“Below the rank of minister or deputy minister, they won’t be entitled to an exclusive car and will have to use a car from the fleet,” said Zhang Yu, managing director of Automotive Foresight, a Shanghai industry consulting firm.
But this isn’t the first initiative to limit government car purchases.
In 2004, municipal governments in the cities of Chengdu, Nanjing and Hangzhou sold off many of their official cars, telling bureaucrats that they could apply for reimbursements for rentals when needed. Nevertheless, spending on government cars has enjoyed double-digit growth since then.
“They have been trying to tackle this problem since the 1980s, but it never goes away,” said Wang, of the Academy of Governance.
Government officials have proved ingenious, however, at getting around the regulations. One trick is to change the metal emblems on the cars to make them look cheaper than they actually are.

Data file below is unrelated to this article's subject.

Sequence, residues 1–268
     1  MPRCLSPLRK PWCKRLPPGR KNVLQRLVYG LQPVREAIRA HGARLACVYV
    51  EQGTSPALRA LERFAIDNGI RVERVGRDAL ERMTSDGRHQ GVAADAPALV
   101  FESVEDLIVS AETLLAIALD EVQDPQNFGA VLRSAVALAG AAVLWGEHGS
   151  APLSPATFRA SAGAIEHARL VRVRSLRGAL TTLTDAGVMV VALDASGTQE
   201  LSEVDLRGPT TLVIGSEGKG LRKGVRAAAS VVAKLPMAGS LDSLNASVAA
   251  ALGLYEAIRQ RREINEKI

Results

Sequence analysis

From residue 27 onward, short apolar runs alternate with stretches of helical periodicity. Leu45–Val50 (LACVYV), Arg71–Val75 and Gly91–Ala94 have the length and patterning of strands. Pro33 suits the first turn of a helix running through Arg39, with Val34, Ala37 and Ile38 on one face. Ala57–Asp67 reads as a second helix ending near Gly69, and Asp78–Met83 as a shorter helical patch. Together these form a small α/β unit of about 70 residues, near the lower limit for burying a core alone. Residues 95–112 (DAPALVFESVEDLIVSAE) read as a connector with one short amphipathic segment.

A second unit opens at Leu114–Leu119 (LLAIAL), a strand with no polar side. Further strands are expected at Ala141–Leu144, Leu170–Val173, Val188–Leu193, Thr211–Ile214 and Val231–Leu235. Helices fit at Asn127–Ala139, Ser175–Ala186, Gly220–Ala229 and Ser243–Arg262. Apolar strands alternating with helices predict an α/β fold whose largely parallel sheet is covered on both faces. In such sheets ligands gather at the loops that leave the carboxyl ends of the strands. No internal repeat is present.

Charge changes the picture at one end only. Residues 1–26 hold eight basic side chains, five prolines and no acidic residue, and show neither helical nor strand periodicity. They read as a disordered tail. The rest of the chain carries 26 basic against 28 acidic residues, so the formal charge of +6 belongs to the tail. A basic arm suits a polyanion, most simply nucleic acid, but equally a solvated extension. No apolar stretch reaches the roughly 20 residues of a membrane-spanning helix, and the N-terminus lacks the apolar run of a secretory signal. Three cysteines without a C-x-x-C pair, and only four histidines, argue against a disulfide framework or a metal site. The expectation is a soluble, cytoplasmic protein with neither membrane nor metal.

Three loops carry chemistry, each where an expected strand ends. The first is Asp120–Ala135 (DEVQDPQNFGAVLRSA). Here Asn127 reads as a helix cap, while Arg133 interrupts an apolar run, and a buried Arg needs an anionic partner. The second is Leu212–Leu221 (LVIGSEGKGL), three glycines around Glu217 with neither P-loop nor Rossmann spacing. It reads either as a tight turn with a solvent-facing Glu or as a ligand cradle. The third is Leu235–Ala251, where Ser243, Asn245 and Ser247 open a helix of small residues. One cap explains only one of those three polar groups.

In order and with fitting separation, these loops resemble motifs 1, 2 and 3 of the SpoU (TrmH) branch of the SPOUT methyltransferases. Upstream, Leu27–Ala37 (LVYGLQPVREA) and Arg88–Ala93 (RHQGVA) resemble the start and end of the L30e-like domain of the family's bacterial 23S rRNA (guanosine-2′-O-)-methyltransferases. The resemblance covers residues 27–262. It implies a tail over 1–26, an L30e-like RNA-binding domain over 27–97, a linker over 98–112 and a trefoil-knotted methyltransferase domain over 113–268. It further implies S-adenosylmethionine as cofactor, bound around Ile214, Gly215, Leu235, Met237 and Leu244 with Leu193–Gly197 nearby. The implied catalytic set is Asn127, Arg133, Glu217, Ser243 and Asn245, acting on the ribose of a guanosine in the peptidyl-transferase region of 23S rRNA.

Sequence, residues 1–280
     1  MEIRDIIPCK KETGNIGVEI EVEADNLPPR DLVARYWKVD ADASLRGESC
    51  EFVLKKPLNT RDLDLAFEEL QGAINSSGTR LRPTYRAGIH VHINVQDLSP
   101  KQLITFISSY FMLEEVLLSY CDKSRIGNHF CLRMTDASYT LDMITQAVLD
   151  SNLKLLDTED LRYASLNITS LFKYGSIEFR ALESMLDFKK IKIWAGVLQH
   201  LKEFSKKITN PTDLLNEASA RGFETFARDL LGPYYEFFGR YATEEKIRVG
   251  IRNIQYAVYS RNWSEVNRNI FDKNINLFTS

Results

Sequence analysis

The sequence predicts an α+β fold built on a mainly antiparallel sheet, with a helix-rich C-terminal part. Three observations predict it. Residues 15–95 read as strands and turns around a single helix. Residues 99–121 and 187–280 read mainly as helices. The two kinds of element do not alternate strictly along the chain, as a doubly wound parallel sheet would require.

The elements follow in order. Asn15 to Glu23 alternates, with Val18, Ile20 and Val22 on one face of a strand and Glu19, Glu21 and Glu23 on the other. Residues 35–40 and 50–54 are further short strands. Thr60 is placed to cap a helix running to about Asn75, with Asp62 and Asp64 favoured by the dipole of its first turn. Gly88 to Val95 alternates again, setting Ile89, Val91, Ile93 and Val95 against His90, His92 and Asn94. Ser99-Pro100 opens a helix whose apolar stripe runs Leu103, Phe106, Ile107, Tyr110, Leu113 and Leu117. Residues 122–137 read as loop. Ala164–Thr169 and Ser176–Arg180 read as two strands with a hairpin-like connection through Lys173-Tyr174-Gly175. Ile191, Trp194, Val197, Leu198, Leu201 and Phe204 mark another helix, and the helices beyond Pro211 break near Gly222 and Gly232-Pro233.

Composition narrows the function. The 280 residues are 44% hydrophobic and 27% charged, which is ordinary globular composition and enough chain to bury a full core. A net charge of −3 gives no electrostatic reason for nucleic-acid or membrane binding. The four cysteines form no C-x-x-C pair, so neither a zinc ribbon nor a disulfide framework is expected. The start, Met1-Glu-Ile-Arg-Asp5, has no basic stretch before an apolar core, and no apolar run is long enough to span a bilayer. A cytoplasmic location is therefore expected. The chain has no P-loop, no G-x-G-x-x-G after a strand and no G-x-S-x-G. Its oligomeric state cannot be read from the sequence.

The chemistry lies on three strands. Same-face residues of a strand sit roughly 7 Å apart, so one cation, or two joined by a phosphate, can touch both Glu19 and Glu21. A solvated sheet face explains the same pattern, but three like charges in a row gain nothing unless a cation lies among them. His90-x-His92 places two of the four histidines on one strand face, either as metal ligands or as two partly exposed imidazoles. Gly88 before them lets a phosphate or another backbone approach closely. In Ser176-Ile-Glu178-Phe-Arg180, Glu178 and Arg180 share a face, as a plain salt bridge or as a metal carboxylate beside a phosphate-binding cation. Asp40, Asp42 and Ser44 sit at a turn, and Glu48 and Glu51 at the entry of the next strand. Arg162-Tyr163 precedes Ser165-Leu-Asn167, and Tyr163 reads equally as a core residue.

“Whenever a new regulation comes out, we get customers from the government,” said Han Chao, who runs a small storefront shop selling Audi parts in a market in the south of Beijing.
Recently, he said, he sold 100 emblems for the Audi A6 2.0L (the smallest engine for the popular model) to officials from the city of Zhangbei, northwest of Beijing, so they could disguise the fact that their engines were larger than permitted.
“Most people want to buy logos to upgrade so they can save face,” Han said. “Only the government people buy emblems to downgrade the cars.”
The emblems, Han noted, cost 20 yuan each, about $3. But the officials, he said, demanded receipts saying they’d paid 120 yuan.
John Lee and Nicole Liu of The Times’ Beijing bureau contributed to this report.